So close, yet so far - Unsuccessful expeditions from Howrah

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By The Telegraph Online
  • Published 14.06.13
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We were in a cheerful mood while trekking down Myagdi Valley on our way to the Italian Base Camp from where we were to start our Dhaulagiri expedition. Our team included leader Basanta Singha Roy, Debasish Biswas and myself.

It is a pleasure trekking along Myagdi Valley located on the bank of Myagdi River. There are lush green plantations with picturesque villages. While trekking, we had no inkling that this expedition would prove near fatal.

We reached the Italian base camp on April 20 located at a height of 4,748 meters. The next day we decided to reach Chorbathan or Dhaulagiri Base Camp but heavy snowfall stretching over four days prevented us from moving further. We stayed put in our tents. By that time, expedition teams from France, Spain, Poland, Japan, Germany and Italy had reached the Italian Base Camp. We reached the Dhaulagiri Base Camp on April 26.

On April 28, all the expedition teams held a meeting and the Sherpas started fixing ropes on the ice walls for setting up camps. On April 30 around 2am we started for Camp-I and reached there the same day. The next day, we reached Camp-II, but we lost our way back to Camp-I due to heavy fog. Our Sherpa leader Pemba made an ice cave for us in which we took shelter. However, after a couple of hours, we found our way to the base camp. The process of acclimatisation continued till May 18.

All the expedition teams collected weather reports from their respective countries and decided to start the final journey for the summit on May 19 and the summit date was set on May 22 as weather reports from all the countries were good. This was misleading and was to result in near disaster later.

Members of the rescue team that came to save Basanta Singha Roy.

Anyway, all the expedition teams together started their journey on May 19 from the base camp. We reached Camp-I the same day. On May 20, we reached Camp-II and the next day we pitched our tent at Camp-III at a height of 7,400 meters. We had to scale steep ice walls braving high wind. We decided to approach the summit on May 21but foul weather prevented us from moving ahead.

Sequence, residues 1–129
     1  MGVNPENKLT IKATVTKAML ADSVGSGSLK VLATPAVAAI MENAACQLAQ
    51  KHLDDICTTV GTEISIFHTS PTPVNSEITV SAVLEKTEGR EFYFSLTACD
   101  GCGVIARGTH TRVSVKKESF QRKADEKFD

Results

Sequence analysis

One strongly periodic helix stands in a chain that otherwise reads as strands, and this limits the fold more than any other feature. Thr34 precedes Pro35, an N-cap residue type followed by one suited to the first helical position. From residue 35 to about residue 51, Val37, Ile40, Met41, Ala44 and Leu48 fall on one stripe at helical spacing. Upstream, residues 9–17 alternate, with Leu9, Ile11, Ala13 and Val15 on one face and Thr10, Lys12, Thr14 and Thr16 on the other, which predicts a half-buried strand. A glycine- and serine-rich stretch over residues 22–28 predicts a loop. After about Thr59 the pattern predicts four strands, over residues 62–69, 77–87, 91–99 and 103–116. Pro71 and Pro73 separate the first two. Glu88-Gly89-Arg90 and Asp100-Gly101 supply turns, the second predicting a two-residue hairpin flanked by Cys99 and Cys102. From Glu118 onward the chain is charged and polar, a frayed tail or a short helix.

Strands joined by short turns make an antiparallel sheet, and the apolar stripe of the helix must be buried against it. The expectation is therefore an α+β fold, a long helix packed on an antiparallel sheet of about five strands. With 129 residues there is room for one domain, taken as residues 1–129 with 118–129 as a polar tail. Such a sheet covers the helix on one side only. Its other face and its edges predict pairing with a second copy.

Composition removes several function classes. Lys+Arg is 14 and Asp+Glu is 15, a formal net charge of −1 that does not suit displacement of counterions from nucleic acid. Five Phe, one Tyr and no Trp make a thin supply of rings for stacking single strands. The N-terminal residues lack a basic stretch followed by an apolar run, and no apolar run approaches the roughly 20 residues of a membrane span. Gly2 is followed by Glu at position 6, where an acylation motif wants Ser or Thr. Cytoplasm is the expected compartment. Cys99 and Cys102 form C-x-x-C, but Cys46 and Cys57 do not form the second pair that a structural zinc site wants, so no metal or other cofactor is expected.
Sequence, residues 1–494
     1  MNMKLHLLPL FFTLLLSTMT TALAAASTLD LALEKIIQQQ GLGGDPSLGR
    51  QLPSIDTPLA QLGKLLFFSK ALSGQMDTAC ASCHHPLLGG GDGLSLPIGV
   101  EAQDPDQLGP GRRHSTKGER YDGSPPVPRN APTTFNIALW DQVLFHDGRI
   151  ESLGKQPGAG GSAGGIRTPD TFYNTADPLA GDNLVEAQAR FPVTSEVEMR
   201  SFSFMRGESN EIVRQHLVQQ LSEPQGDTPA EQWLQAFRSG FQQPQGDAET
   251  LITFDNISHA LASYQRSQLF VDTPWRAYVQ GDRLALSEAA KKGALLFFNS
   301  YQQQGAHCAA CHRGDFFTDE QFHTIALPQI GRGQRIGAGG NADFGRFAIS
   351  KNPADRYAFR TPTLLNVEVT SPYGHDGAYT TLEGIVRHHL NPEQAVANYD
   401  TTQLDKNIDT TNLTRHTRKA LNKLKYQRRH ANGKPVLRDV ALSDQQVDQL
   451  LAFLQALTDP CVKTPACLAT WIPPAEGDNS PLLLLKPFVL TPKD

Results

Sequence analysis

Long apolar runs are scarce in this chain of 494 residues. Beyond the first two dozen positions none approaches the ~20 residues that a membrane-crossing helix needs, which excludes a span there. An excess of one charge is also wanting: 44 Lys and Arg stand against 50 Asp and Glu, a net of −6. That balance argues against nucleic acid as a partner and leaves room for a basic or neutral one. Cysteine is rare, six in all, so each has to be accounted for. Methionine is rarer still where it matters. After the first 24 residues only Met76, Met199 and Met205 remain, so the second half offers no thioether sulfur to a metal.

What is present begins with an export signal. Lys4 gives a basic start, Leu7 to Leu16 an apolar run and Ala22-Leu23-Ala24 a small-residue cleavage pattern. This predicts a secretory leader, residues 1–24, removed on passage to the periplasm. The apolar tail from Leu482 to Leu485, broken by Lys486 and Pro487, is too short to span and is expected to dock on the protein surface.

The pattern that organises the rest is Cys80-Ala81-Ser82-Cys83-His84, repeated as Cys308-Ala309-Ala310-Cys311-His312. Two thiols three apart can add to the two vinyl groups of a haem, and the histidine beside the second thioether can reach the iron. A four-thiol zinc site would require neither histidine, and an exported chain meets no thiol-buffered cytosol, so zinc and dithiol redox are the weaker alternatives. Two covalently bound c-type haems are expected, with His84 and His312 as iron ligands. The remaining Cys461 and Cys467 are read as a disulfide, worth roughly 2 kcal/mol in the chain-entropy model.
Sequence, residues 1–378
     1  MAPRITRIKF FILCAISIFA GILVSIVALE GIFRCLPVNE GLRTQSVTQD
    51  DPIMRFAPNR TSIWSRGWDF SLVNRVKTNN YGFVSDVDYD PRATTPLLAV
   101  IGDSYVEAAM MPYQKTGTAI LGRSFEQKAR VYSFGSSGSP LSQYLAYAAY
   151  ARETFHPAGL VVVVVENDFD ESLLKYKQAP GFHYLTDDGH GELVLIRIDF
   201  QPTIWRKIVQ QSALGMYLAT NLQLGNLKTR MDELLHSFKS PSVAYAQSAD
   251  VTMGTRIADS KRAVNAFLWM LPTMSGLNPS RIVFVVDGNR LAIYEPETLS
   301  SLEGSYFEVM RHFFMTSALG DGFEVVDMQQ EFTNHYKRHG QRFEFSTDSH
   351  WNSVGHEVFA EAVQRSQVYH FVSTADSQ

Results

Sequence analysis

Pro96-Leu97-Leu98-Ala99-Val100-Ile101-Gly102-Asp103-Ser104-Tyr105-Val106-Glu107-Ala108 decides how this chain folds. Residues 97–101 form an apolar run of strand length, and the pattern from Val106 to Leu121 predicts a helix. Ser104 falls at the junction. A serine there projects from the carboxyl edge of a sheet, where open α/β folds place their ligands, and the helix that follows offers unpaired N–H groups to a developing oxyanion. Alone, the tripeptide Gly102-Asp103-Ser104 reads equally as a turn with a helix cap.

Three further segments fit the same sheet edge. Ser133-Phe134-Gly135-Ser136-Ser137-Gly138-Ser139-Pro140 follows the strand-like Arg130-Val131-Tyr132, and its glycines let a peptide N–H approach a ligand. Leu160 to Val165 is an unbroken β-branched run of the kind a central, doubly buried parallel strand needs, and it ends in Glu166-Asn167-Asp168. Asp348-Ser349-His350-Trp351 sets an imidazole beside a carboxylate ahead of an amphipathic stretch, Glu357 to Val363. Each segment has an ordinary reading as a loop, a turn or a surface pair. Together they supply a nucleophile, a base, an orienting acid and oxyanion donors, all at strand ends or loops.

The expedition teams from Germany, Italy and Poland decided to abandon the expedition. But we decided to stay back. On May 22, around 11pm we started for the summit. After three hours, we reached 7,600 meters but I fell ill and took shelter in the fourth camp. My Sherpa Daya Wanchu also accompanied me. I could see Basantada and Debasishda approaching summit, braving a blizzard.

The next morning I felt better and decided to follow our team. But Wanchu forbade me. I returned to Camp-III. Around 3pm, we came to know that two members of the Spanish team had met with an accident. On May 24, early in the morning, Pemba Sherpa informed Wanchu over walkie-talkie that Basantada fell unconscious after his oxygen cylinder fell empty. Wanchu left to rescue him with a new oxygen cylinder and fruit juice. He tied Basantada with ropes and dragged him to camp-IV through ice. The next day, Pemba brought him to Camp-III with the help of a Japanese Sherpa risking his life. From Camp-III, Basantada was taken to a Kathmandu nursing home.

Our Dhaulagiri expedition may have flopped but we gathered enough experience for future expeditions. And thank God, all our team members are alive.

Malay Mukherjee

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Mt Makalu fell short by a rope